Gordon follows Wollstonecraft’s personal endeavors to resist the sexist structures at the time. She falls in love with a man named Gilbert Imlay, and while they do not marry, she becomes pregnant. She refuses to hide her pregnancy, and, as a result, encounters significant social disapproval. Gordon quotes a letter from Wollstonecraft to Imlay about the affair: “‘I told them simply I was with child: and let them stare…all the world, may know it for aught I care!’” (4115). From the first time he appears in the book, Gordon seems to disapprove of Imlay. She portrays him as a seductive figure: “He had known many [women]. Too many, he sometimes thought” (3415).

Their child, Fanny Imlay, who would shortly be born out of wedlock, would face a lifetime of social difficulties stemming from her scandalous birth. These chapters discuss Fanny’s eventual suicide and a note that confessed she never found life easy, that she considered herself a continual burden. Fanny said she had always been “a being whose birth was unfortunate and whose life has only been a series of pain to those persons who have hurt their health in endeavoring to promote her welfare” (3494). Gordon impressively shows the way in which Wollstonecraft, even when resisting sexism on a professional and personal level, became a victim of sexism nonetheless through her daughter’s suffering. While her daughter’s suicide occurred long after Wollstonecraft’s death, she, nonetheless, witnessed the unfair treatment her daughter experienced throughout her lifetime as a result of her birth.

As always, Gordon also spends half of these chapters following Wollstonecraft’s legitimate daughter, Mary Shelley. In these chapters, Shelley begins composing Frankenstein (1818), often regarded as the greatest achievements in British literary history with its examination of the natural state of humanity as well as appearance and reality. While Frankenstein is not overtly or politically concerned with issues of feminism, it remains important to the history of feminism. In authoring such an intelligent, successful book, Shelley serves as evidence that the female intellect, when properly educated, is identical to a man’s. There were, however, assertions that a woman could not have written such an impressive book. Many critics argued that her lover, Percy Shelley, must have been the true author. Interestingly, Gordon notes that this incorrect assertion still continues today: “There are still those who claim that Frankenstein was essentially [Percy] Shelley’s creation, despite all the evidence to the contrary. Great male authors have rarely faced such attacks, even though other works of literature, such as The Waste Land and The Great Gatsby, were edited far more extensively than Frankenstein” (3526). Therefore, Gordon illuminates the fact that sexism permeated the personal and professional lives of both Shelley and Wollstonecraft.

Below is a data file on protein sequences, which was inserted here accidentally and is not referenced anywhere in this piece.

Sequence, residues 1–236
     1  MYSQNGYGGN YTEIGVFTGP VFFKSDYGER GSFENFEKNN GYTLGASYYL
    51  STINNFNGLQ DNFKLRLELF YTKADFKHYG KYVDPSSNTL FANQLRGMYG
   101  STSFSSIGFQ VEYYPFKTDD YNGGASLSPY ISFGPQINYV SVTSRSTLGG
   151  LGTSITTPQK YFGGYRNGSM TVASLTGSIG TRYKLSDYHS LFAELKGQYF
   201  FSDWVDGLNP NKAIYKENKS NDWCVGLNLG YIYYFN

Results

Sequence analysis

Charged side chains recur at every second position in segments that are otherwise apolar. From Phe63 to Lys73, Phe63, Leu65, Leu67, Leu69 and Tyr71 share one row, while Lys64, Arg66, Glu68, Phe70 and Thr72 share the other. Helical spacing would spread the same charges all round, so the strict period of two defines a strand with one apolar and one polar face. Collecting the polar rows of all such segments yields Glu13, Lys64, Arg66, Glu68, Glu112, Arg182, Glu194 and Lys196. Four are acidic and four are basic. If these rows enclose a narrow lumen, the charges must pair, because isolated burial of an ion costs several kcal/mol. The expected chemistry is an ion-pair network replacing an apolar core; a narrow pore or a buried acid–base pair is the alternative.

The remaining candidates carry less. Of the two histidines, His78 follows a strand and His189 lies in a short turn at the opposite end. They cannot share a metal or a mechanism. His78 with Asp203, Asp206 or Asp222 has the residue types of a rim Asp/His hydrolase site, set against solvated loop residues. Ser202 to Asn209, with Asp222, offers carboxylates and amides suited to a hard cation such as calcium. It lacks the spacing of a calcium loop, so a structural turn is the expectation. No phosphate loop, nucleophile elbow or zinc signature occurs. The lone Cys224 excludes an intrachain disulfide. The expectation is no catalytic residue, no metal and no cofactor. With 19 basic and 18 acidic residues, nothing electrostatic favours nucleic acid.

My next review will more closely examine the relationship between Gilbert Imlay and Mary Wollstonecraft. The review will discuss how Imlay’s abandonment of Wollstonecraft is affected by gender politics. It will also examine the role of mental health in both Wollstonecraft and her daughter, Mary Shelley.